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Dying To Look Good
by Christine H. Farlow, D.C.

Many of the cosmetics that women use contain carcinogens. But women are not the only ones who are at risk. Products like make-up, shaving cream, hair dye, toothpaste, mouthwash, hairspray, soap, shampoo, body powders and even baby powder can contain cancer-causing ingredients. And to make matters worse, some of the most commonly used ingredients, that are not themselves carcinogenic, combine with other ingredients to form cancer-causing chemicals. One survey done by the FDA found 27 out of 30 children's shampoo and bubble bath products contaminated with the cancer-causing chemical 1,4-dioxane. Other studies have found this chemical in nearly 50% of the cosmetic products evaluated. Some of these dangerous ingredients may not cause any reactions on the skin, but they can be absorbed through the skin and may end up in the bloodstream.

Cosmetics and toiletries are the least regulated products on the market. As long as the manufacturers of these products don't use toxic substances that have been banned, they are free to use whatever ingredients they want and market their products without testing them and without approval from the FDA. The FDA can make suggestions or recommendations to manufacturers about cosmetic products or their ingredients, but the manufacturers do not have to comply. The FDA must first prove in a court of law that a product is harmful, improperly labeled, or violates the law if it wants to remove a cosmetic product from the market. According to John Bailey, Ph.D., director of the FDA’S Office of Cosmetics and Colors, "Consumers believe that 'if it's on the market, it can't hurt me,' and this belief is sometimes wrong."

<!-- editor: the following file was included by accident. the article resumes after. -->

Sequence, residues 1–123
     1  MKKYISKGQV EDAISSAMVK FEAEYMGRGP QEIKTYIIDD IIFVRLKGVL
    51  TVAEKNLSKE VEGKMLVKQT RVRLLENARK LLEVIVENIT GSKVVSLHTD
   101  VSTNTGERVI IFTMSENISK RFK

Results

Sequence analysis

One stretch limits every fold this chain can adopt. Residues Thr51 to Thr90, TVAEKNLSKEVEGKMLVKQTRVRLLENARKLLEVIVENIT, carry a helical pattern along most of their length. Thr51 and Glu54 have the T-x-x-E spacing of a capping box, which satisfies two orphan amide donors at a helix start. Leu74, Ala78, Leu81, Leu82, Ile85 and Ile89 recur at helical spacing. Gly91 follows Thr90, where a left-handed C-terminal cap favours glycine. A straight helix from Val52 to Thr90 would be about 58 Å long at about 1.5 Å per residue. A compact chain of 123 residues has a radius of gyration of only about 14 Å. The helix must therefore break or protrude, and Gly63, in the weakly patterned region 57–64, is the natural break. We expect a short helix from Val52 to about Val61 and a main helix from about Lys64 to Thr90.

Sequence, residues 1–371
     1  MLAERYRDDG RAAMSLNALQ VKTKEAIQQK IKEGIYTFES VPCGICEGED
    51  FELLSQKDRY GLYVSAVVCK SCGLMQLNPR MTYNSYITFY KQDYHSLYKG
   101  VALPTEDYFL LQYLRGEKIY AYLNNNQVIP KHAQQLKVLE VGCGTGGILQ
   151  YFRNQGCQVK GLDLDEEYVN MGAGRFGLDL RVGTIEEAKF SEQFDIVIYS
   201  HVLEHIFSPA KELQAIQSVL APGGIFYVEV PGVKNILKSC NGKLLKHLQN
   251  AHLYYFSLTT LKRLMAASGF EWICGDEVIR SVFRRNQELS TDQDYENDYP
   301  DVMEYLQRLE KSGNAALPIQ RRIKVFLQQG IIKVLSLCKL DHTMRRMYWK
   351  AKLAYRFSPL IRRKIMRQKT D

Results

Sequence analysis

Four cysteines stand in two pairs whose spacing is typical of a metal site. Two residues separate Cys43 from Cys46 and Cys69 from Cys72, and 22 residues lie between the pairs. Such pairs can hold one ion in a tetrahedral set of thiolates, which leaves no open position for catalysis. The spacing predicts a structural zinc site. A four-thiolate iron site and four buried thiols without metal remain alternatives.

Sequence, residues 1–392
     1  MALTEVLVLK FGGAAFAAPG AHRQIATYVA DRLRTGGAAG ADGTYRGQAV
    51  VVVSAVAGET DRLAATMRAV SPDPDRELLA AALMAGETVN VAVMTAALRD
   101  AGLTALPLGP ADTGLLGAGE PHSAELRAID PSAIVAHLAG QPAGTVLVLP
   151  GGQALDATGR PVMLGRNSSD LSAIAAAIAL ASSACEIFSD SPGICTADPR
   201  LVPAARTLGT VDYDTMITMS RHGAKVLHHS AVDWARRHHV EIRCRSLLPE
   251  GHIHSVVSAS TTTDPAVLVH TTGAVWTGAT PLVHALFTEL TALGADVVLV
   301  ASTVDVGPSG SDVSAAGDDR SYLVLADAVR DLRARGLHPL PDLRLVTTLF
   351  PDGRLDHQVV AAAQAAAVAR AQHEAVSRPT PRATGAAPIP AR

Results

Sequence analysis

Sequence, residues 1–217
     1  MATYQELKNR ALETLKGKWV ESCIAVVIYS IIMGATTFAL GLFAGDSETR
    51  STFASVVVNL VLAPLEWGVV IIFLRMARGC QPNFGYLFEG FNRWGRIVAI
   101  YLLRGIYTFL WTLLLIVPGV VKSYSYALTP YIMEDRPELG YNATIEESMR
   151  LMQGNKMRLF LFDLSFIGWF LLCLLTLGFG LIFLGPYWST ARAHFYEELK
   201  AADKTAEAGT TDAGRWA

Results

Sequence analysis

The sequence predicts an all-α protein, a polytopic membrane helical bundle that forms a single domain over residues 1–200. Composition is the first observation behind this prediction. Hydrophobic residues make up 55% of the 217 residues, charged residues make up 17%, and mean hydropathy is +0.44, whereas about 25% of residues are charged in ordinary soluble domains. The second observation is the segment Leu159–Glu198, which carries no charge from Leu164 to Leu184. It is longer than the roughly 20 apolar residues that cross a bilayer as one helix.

So, how do you know which products contain harmful chemicals and which ones don't? You have to read the list of ingredients on all the products you buy and know which of the ingredients in the product are harmful and which are not. That can be an overwhelming task unless you’re a chemist in the cosmetic industry. But now there is a way for the average person to decipher all the "Greek" on cosmetic and toiletry labels. Dr. Christine Farlow, in her book, Dying To Look Good: The Disturbing Truth About What's Really in Your Cosmetics, Toiletries and Personal Care Products, makes it easy to identify which ingredients are harmful and which are not. She classifies over 1200 commonly used ingredients according to safety. And to make it even easier to choose non-toxic products, she includes a list of products that have been evaluated as safe. It's clear, concise and easy to use. Take this book with you every time you go shopping, and you'll never again wonder about the safety of the ingredients on the label. Youll know.

Dr. Christine H. Farlow, D.C. is a chiropractor, nutritionist and author. She has helped thousands improve their health by eliminating harmful chemicals from their food and personal care products. For more information on how to get harmful chemicals out of your toiletries, visit http://www.healthyeatingadvisor.com/cosmetics.html. Contact Dr. Farlow at dr.cfarlow@healthyeatingadvisor.com.

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